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Toxic-shock syndrome: epidemiologic features buy cheap ketoconazole cream 15gm, recurrence best ketoconazole cream 15gm, risk factors purchase 15gm ketoconazole cream visa, and prevention order 15gm ketoconazole cream mastercard. Development of serum antibody to toxic shock toxin among individuals with toxic shock syndrome in Wisconsin. Epidemiologic analysis of group A Streptococcus serotypes associated with severe systemic infections, rheumatic fever, or uncomplicated pharyngitis. Evidence for superantigen involvement in severe group A streptococcal tissue infections. Streptococcal toxic shock syndrome: synthesis of tumor necrosis factor and interleukin-1 by monocytes stimulated with pyrogenic exotoxin A and streptolysin O. Toxin shock syndrome-associated staphylococcal and streptococcal pyrogenic toxins are potent inducers of tumor necrosis factor production. Streptococcal pyrogenic exotoxin B enhances tissue damage initiated by other Streptococcus pyogenes products. Clinical and microbiological characteristics of severe group A Streptococcus infections and streptococcal toxic shock syndrome. Differences in potency of intravenous polyspecific immunoglobulin G against streptococcal and staphylococcal superantigens: implications for therapy of toxic shock syndrome. The Eagle effect revisited: efficacy of clindamycin, erythromycin, and penicillin in the treatment of streptococcal myositis. Penicillin-binding protein expression at different growth stages determines penicillin efficacy in vitro and in vivo: an explanation for the inoculum effect. Potentiation of opsonization and phagocytosis of Streptococcus pyogenes following growth in the presence of clindamycin. Impact of antibiotics on expression of virulence-associated exotoxin genes in methicillin-sensitive and methicillin-resistant Staphylococcus aureus. Intravenous immunoglobulin therapy for streptococcal toxic shock syndrome—a comparative observational study. Intravenous immunoglobulin G therapy in streptococcal toxic shock syndrome: a European randomized, double blind, placebo controlled trial. Characterization of a strain of community-associated methicillin-resistant Staphylococcus aureus widely disseminated in the United States. Skin and soft-tissue infections caused by community-acquired methicillin-resistant Staphylococcus aureus. Necrotizing fasciitis caused by community associated methicillin resistant Staphylococcus aureus in Los Angeles. Invasive methicillin-resistant Staphylococcus aureus infections in the United States. Comparative activity of telavancin against isolates of community-associated methicillin-resistant Staphylococcus aureus. Telavancin versus vancomycin for the treatment of complicated skin and skin-structure infections caused by gram-positive organisms. Results of a double-blind, randomized trial of ceftobiprole treatment of complicated skin and skin structure infections caused by gram positive bacteria. Tribble Enteric Diseases Department, Infectious Diseases Directorate, Naval Medical Research Institute, Silver Spring, Maryland, U. Sometimes symptoms begin as early as on the plane ride home, sometimes not until weeks later. In either case, the patient becomes progressively ill, critically so, all the while unknowingly infecting others. The disease spreads, chaos is loosed, and only the timely insight of an awkwardly introverted yet surprisingly attractive physician stands between armageddon and the return of normalcy. Nonetheless, the likelihood of today’s critical care physician having to manage patients with a tropical infection is increasing, as international travel has increased from an estimated 25 million border crossings in 1950 to over 806 million crossings in 2005 (1). To better prepare travelers prior to their trips abroad, the discipline of travel medicine has been refined over the past 25 years, with an increasing reliance upon evidence-based data and the recent publication of practice guidelines (2). This information assists the physician in determining not only what vaccines or prophylactic regimens may help prevent infection in the traveler, but also stresses the importance of safety awareness and environmental risk avoidance. It is no surprise, then, that each year four million travelers returning from developing countries become ill enough that medical intervention is required either en route or upon return home (4). That is not to say there are four million cases of Ebola or African trypanosomiasis every year, but how can the clinician know what illnesses are being seen, and more importantly, which to consider more likely in their patients? Established in 1995, it now comprises 41 travel or tropical medicine clinics (16 in the United States, 25 in other countries representing all continents) that not only report what diagnoses are seen in their facilities, but additional invaluable data such as time to presentation of illness, geographic exposures, adherence to prophylactic measures, etc. With now more than a decade of surveillance information available, it has been shown that febrile illness, dermatologic disorders (especially insect bites), and acute/chronic diarrheal illnesses comprise almost 70% of all travel-related illness (4). An analysis of 6957 travelers with fever revealed that malaria (21%), acute diarrheal disease (15%), respiratory illness (14%), and dengue (6%) were the most commonly identified etiologies (6). Time to presentation can be helpful to the clinician when generating a differential diagnosis (see Table 1). It is helpful to realize that the familiar adage “common things are common” applies also to travel medicine. In a review of 25,023 patients within the GeoSentris database, there were no reported cases of travel-related anthrax, yellow fever, primary amebic meningoencephalitis, poliomyelitis, Rift Valley fever, tularemia, murine typhus, tetanus, diphtheria, rabies, Japanese encephalitis, or Ebola (4). In the same report, of 17,353 patients, only one case each of the following infections was identified: Angiostrongylus cantonensis, hantavirus, cholera, melioi- dosis, Ross River virus, legionellosis, meningococcal meningitis, and African trypanosomiasis. If any of these diagnoses is suspected, an infectious diseases consultation is recommended. As malaria is the single most common life-threatening infection in returning travelers (Table 2), it will be emphasized in this chapter. Other critical care infectious disease syndromes to be Table 2 General Considerations in Potentially Infected Critically Ill Returning Travelers Diagnostic consideration Comments Make accurate traveler- and itinerary-specific Obtain detailed history of sites visited, activities, and potential risk assessment. Incubation periods: short (<10 days); intermediate (10–14 days); prolonged (>21 days) A minimum period of 5–7 days before considering malaria. Narrow the differential diagnosis using clinical progression and specific findings (i. Always consider and perform diagnostic testing to evaluate for malaria if a traveler has been in a malarious region with an appropriate incubation period. Data from 1997–2002 collected through the GeoSentinel global sentinel surveillance identified malaria in 3. Patients with falciparum malaria were more likely to have traveled to sub-Saharan Africa (89%), with the majority (80%) presenting within four weeks of their return. Several important features are noted among those patients who died from their infection. These include: insufficient or inappropriate malaria chemoprophylaxis (90%) and delay in diagnosis and/or effective therapy (40%). Deaths were considered preventable in 85% of cases and were commonly attributed to patient-related decisions/actions and/or contributing medical errors (11). The current recommendations for malaria prophylaxis take into consideration regional antimalarial drug resistance (13). And so, as a result of our population’s increasing travel to malaria-endemic areas as well as oftentimes inadequate adherence to prescribed chemoprophylaxis, it is increasingly likely that today’s critical care physician will encounter patients with malaria. Unfortunately, there are no historical or physical findings pathognomonic for malaria. Therefore, malaria cannot be ruled out by history or physical examination alone (11,19,20). Falciparum malaria often presents without the classic features of cyclical fever, chills, and diaphoresis (21). When the diagnosis of malaria is suspected, examination of Giemsa or Wright-stained peripheral blood thick and thin smears should be performed. Thick smears are more sensitive (larger volume of blood), but are also more difficult to interpret. Thin smears aid in species identification, and higher percentage parasitemias may be evident even to the novice. Venous blood or blood from a peripheral stick is applied to the test card, and within 15 minutes a negative or positive result is apparent. However, serial thick and thin smears are still recommended (although a negative rapid assay, even if falsely negative, likely excludes significant parasitemia). A positive assay should also be followed by examination of the Tropical Infections in Critical Care 325 peripheral smear for confirmation and in order to determine both the species (possibly more than one) and the level of parasitemia. Nonmicroscopic immunochromatographic tests such as 1 the Binax Now Malaria Test assay are rapid and simple to perform.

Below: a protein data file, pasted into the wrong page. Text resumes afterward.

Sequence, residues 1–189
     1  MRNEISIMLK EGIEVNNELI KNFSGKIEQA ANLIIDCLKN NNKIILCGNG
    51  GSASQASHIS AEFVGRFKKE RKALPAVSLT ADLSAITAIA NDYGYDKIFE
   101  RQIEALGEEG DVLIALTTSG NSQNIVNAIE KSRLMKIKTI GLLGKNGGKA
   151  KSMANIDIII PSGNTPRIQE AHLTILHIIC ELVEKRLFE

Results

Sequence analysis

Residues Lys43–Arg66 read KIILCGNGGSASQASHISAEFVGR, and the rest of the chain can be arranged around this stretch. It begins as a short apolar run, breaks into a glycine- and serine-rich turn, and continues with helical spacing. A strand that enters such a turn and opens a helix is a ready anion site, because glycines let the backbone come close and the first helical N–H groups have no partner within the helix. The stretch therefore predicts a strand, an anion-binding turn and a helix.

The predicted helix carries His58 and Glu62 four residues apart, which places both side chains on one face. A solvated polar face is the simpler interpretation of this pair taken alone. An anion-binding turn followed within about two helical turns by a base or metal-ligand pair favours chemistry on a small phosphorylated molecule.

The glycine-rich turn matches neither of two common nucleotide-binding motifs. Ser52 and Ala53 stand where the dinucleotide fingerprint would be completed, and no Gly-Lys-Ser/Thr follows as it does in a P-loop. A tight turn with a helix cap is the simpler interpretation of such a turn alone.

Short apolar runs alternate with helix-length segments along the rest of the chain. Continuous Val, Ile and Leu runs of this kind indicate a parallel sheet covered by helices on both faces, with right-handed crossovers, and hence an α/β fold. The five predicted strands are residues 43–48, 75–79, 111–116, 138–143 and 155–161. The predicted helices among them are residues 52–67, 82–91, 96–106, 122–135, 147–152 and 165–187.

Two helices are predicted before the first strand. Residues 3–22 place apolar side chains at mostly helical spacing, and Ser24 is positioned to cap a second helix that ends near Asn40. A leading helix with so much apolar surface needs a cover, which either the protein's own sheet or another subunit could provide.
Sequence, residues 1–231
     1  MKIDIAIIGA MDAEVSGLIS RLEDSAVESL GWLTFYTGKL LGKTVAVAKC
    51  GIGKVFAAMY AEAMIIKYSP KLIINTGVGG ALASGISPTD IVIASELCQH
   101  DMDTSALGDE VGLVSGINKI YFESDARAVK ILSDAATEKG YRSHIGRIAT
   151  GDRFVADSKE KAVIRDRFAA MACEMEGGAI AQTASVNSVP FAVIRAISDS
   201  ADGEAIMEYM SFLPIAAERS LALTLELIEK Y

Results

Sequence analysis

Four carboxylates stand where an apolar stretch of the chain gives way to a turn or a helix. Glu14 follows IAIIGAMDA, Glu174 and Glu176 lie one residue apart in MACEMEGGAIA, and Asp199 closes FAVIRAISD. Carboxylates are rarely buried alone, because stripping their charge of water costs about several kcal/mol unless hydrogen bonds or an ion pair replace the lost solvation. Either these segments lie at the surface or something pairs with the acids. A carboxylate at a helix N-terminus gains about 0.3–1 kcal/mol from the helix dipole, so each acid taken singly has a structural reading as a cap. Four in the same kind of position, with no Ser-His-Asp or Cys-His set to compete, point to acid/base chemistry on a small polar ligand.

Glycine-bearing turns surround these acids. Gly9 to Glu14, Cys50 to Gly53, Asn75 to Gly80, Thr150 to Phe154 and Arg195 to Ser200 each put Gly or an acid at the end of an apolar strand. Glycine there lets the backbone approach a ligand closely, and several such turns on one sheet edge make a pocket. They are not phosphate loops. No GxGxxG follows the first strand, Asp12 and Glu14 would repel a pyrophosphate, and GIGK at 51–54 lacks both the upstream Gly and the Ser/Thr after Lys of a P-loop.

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Management: The pressure gradient across the aortic arch was significant resulting in upper body hypertension ketoconazole cream 15gm mastercard. Relief of coarctation of the aorta at this age can be per- formed effectively and safely through balloon dilation and typically with stent placement to reduce the possibility of restenosis after initial improvement buy ketoconazole cream visa. Findings at the cardiac catheterization: Cardiac catheterization revealed a pressure gradient of 45 mmHg across the aortic arch purchase ketoconazole cream toronto. The areas proximal and distal to the site of coarctation were 22 and 23 mm respectively purchase ketoconazole cream now. The systolic pressure gradient across coarctation dropped to 8 mmHg post stenting and angioplasty. Angiography after the balloon dilation showed good position of stent with adequate aortic arch patency (Fig. Results: Echocardiography performed the next morning showed stent in good position with no significant pressure gradient across the aortic arch. On follow up 3 months after the procedure, she was found to be doing very well with no cardiovascular symptoms and no claudication. The latter is a communication between the 2 atria due to patency of a normal in-utero structure caused by the space between the 2 membranes forming the atrial septum. Hanrahan Incidence Defects in the interatrial septum are a common congenital heart defect. As an isolated anomaly, atrial septal defects are the fifth most common congenital heart defect, com- prising 6% of all lesions. Pathology There are many types of atrial septal defects, classified according to location of defect. These include: • Secundum atrial septal defect: the defect is in the foramen ovale membrane, which is the central portion of the atrial septum (Fig. These are the most common type of atrial septal defects and most likely to close spontaneously. Secundum atrial septal defects are more common in females who tend to be tall and thin. The first and more com- mon is when the defect is close to the superior vena cava junction with the right atrium. This is frequently associated with abnormal drainage of right upper pul- monary vein to the right atrium (partial anomalous pulmonary venous return). The second type is when the sinus venosus atrial septal defect is close to the inferior vena cava junction with the right atrium. Defect in this region results in secundum atrial septal defect (white arrow) which is the most common type of atrial septal defect. Mixing of well- saturated blood from the pulmonary veins with that of the desaturated blood from the systemic veins occurs in this anomaly leading to mild cyanosis. Pathophysiology Abnormal communications between the right and left cardiac chambers or vessels create an opportunity for blood to move from one side to the other. Left to right shunting of blood will result in the reduction of cardiac output to the body (Qs) and increase in cardiac output to the pulmonary circulation (Qp) (Fig. The pulmonary vascular resistance is significantly less than the systemic vascular resistance, therefore, any abnormal communication between the left and right sides of the heart will result in left to right shunting. In this diagram, 6 l/min/m2 of blood return from the pulmonary circulation, 4 l/min/m2 cross the atrial septal defect to go to the pulmonary circulation while the remaining 2 l/min/m2 go to the systemic circulation. In this scenario, the pulmonary blood flow to systemic blood flow ratio is 6:2 or 3:1. The greater this ratio, the more is the pulmonary blood flow and consequently, the worse is the extent of congestive heart failure 94 Ra-id Abdulla and A. Hanrahan Increase in blood flow to the lungs will eventually lead to pulmonary edema. Drop in systemic cardiac output tends to be marginal since it is minimized by increasing the blood volume through water retention. Most of the symptoms noted in atrial septal defect, such as shortness of breath and easy fatigability are a result of pulmonary edema. Increased pulmonary blood flow over several decades will eventually cause progressive damage to the pulmonary vasculature wall resulting in pulmonary vascular obstructive disease in the third or fourth decades of life. Clinical Manifestations Small and moderate size atrial septal defects are typically asymptomatic. Larger defects result in pulmonary edema manifesting as easy fatigability and shortness of breath. Only very large defects result in significant congestive heart failure and failure to thrive. On examination there is a hyperactive precordium with a prominent right ventricular impulse due to right ventricular dilation. Second heart splitting is fixed throughout respiration due to increased blood flow through the pulmonary valve causing delay in pulmonary valve closure regardless of respiratory cycle. A systolic ejection (crescendo– decrescendo) murmur is heard at the left upper sternal border due to increase in blood flow across the pulmonary valve. In larger atrial septal defects, an early diastolic murmur is heard at the left lower sternal border due to increased blood flow across the tricuspid valve (Fig. S1 first heart sound, S2 second heart sound, A aortic valve closure, P pulmonary valve closure. Increase in blood flow across the pulmonary valve results in a systolic ejection murmur, while the increase in blood flow across the tricuspid valve causes a middiastolic murmur. Unlike pulmonary stenosis, the systolic murmur is not preceded by a systolic click. The second heart sound is fixed in its splitting (through respiration) due to the excessive pulmonary blood flow and the need for the pulmonary valve to stay open longer throughout respiration 6 Atrial Septal Defect 95 Diagnosis Chest X-Ray Prominent pulmonary vasculature due to left to right shunting is present. In addition, increase in blood flow through the right heart will cause right atrial and right ventricular dilation manifesting as cardiomegaly on chest X-ray; how- ever, this is noted only when there is significant extent of left to right shunting. Excessive pulmonary blood flow may cause dilation of the main pulmonary artery manifested as prominent pulmonary artery at the midleft cardiac silhouette border (Fig. Left to right shunting causes increase in blood volume in the right heart resulting in cardiomegaly. The engorged pulmonary vasculature could be seen on chest X-ray as prominent pulmonary vessels in the hilar region as well as being able to see pulmonary vessels in the peripheral lung fields 96 Ra-id Abdulla and A. Hanrahan Electrocardiograph Right atrial and right ventricular dilation/hypertrophy may be noted. Right atrial enlargement manifests as tall P waves (taller than 2 mm in children and 3 mm in adolescents and adults). Right ventricular dilation may lead to leftward deviation of the interventricular septum. In adults with poor echocardiography window, transesophageal echocardiography is used to visualize the atrial septum to confirm diagnosis (Fig. Cardiac Catheterization Cardiac catheterization is not required for diagnostic purposes since diagnosis can be made by echocardiography. However, cardiac catheterization is performed in patients with secundum atrial septal defect for therapeutic purposes. In this figure, blood is shunting across the atrial septal defect from left atrium to right atrium toward the probe, therefore, red in color Treatment Most patients with atrial septal defect do not require medical treatment for congestive heart failure due to the limited impact of small to moderate increase in pulmonary blood flow. On the other hand, patients with larger defects and excessive pulmonary blood flow may benefit from anticongestive heart failure medications such as diuretics. Inotropic agents, such as digoxin and afterload reducing agents, are rarely required. Closure of atrial septal defect is determined by the type of the defect and its size. Small (less than 5 mm in diameter) and medium (5–8 mm in diameter)-sized secundum defects diagnosed during early infancy tend to close spontaneously, often in the first 2 years of life. If at 2 years of life the defect is still present, closure could be considered through the use of occluding devices in the cardiac catheteriza- tion laboratory (Fig. Sinus venosus and primum atrial septal defects do not close spontaneously and will require surgical repair which could be performed around 1 year of age. Surgical repair is the only modality of treatment for sinus venosus and primum atrial septal defects since they are not amenable to device 98 Ra-id Abdulla and A. Note that in this type of device (Amplatzer) there are two discs, right and left- sided discs which hold the device in place across the atrial septal defect closure due to lack of circumferential atrial septal wall which are used to anchor devices after deployment.